Misconceptions of Maturity

by

She was walking up the street on a Saturday morning in a small town in the mountains of Virginia. She was thirteen years old, but she was wearing a tighttting dress more appropriate for a woman of thirty. The color of her handbag matched her high heels. She was not a child playing dressup. She was a teen trying to appear older, saying, “Look at me; I am a beautiful and seductive nineteen-year-old.” That scene took place fify years ago, but I recall that sad image whenever I see anyone with a false understanding of what it means to be mature.

The Bible teaches that man is born with a nature to rebel against God and His reign. This sin nature permeates every part of our being. There is no part of our thinking or doing that can escape its influence. Thus, we are prone to define our lives from infancy by standards that are alien to God and His Word. Many of us spend years, even decades, shaping our lives by sinful paradigms. For instance, how does one grow into mature personhood? All too often, it is the worldly culture around us that sets our standards in the march to maturity. In high school, we may learn that it is “grown up” to have sex. In college, we may learn that it is “grown up” to be an erudite, well-read intellectual. In our early vocational careers, we may learn that to be mature in this world we must have success, power, and money.

Think through those different stages of imagined maturity that we have just considered. How many of our friends were really “grown up” in their high school sexual exploits? How many of our classmates really matured simply according to the number of books they read? The modern university has matured into intellectual snobbery that looks upon “the trades” as work done by illiterate peons. But the truly “mature” in success, power, and money led us into the financial disaster of the Great Recession.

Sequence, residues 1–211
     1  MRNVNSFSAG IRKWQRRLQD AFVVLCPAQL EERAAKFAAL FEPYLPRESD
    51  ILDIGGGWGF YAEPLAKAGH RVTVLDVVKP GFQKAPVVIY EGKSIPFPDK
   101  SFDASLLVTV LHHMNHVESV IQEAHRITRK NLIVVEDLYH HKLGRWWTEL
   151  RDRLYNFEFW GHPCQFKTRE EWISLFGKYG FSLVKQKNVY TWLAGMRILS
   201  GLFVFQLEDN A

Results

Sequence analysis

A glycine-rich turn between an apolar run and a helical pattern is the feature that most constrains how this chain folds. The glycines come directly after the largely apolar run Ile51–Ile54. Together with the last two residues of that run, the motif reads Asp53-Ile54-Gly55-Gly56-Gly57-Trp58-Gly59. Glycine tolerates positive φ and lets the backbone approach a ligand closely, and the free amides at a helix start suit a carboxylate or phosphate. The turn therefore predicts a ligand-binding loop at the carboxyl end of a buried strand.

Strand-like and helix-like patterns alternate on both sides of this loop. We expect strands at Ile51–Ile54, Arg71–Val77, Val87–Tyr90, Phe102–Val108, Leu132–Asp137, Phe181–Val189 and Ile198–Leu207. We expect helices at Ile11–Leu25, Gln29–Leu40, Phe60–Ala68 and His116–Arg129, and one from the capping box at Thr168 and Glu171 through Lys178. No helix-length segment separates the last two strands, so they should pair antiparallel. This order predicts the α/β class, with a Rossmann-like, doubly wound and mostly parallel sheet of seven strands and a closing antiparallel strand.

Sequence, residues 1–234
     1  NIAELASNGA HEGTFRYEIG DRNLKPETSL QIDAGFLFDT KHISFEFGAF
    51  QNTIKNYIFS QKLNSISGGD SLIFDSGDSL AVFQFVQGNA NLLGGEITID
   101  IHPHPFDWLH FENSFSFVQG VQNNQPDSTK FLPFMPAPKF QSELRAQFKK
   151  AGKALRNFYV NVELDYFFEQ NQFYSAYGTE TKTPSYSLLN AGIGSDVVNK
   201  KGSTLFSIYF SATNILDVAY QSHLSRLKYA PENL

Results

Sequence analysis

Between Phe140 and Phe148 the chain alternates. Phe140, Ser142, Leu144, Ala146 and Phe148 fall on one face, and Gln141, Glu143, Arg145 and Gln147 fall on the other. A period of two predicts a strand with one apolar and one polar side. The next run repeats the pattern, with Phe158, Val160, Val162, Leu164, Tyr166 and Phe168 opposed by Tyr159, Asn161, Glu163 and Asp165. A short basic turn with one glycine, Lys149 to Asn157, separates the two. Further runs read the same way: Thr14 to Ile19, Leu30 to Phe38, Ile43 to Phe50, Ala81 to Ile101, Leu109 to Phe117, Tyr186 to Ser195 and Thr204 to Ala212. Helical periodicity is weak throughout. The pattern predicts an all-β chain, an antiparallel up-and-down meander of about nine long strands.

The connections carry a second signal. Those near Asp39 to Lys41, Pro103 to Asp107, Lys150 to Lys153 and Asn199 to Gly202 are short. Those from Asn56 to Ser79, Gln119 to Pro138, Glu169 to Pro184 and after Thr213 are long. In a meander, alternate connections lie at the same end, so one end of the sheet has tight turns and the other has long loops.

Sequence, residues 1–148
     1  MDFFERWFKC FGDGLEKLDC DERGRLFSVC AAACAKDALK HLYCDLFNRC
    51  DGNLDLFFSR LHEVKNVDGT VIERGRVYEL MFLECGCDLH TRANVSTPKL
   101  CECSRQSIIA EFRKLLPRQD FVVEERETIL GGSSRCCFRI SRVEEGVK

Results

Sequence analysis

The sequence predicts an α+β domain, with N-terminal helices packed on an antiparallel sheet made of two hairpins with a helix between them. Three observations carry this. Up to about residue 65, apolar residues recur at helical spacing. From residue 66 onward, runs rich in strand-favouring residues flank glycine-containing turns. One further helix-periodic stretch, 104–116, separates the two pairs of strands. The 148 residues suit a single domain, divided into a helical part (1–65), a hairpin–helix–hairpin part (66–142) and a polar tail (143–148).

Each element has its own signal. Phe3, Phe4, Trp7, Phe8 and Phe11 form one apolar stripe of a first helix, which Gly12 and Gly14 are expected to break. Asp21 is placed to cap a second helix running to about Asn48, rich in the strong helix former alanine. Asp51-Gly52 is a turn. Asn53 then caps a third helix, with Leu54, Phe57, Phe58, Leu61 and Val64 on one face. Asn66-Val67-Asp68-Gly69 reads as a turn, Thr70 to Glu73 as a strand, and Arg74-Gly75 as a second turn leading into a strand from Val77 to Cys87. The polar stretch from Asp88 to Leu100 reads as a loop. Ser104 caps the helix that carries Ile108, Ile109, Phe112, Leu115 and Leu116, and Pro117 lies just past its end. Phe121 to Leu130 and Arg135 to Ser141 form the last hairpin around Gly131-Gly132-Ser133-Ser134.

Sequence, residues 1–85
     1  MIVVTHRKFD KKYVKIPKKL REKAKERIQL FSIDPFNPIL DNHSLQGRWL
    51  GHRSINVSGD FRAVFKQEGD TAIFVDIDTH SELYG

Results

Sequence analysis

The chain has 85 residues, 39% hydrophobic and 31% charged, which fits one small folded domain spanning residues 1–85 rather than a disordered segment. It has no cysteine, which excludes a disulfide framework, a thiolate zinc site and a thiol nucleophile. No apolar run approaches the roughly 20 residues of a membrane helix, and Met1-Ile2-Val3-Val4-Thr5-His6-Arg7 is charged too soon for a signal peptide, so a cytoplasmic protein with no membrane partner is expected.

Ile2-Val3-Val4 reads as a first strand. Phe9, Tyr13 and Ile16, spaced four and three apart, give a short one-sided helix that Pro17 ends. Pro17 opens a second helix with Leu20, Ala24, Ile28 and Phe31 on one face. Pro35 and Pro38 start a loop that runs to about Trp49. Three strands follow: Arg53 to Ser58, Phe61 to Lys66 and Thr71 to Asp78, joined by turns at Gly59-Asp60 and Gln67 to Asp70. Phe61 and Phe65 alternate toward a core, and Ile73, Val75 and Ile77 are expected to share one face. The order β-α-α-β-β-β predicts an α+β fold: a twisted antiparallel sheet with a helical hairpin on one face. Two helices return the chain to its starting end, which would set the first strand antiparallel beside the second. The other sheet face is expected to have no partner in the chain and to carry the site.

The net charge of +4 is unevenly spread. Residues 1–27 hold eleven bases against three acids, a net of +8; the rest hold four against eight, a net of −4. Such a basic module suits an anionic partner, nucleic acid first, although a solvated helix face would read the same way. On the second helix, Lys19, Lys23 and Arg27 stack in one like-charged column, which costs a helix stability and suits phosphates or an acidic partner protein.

That is the fallen world into which Jesus came, calling mankind to a different manhood—a different maturity. Jesus said we must start by dying to our self-centered ways of thinking and living. He said we must be supernaturally reborn as the Holy Spirit changes the very core of our being. Jesus, the second Adam, is the true picture of mature personhood. Read the Gospels. In His life, we see true maturity. He is the model the Holy Spirit uses to mold us. Jesus and the Holy Spirit are true radicals in this fallen world. They literally turn the way of the world upside down in calling men and women to godly maturity.

Read the following verses. As you do so, have this one thought in your mind: The Holy Spirit is cutting away our worldly image of what it means to be mature people and is remaking and re-clothing us to look like Jesus.

For you have died, and your life is hidden with Christ in God. When Christ who is your life appears, then you also will appear with him in glory. Put to death therefore what is earthly in you: sexual immorality, impurity, passion, evil desire, and covetousness, which is idolatry. . . . In these you too once walked, when you were living in them. But now you must put them all away: anger, wrath, malice, slander, and obscene talk from your mouth. Do not lie to one another, seeing that you have put off the old self with its practices and have put on the new self, which is being renewed in knowledge a er the image of its creator. . . . Put on then, as God’s chosen ones, holy and beloved, compassion, kindness, humility, meekness, and patience, bearing with one another and, if one has a complaint against another, forgiving each other; as the Lord has forgiven you, so you also must forgive. And above all these put on love, which binds everything together in perfect harmony. And let the peace of Christ rule in your hearts, to which indeed you were called in one body. And be thankful. . . . And whatever you do, in word or deed, do everything in the name of the Lord Jesus, giving thanks to God the Father through him. (Col. 3:3–17)

I love that picture. Just as we change clothes, in the power of the Spirit we are to take off our former way of living and put on the new life that we learn from Christ. It is through this daily taking off and putting on that we move toward maturity.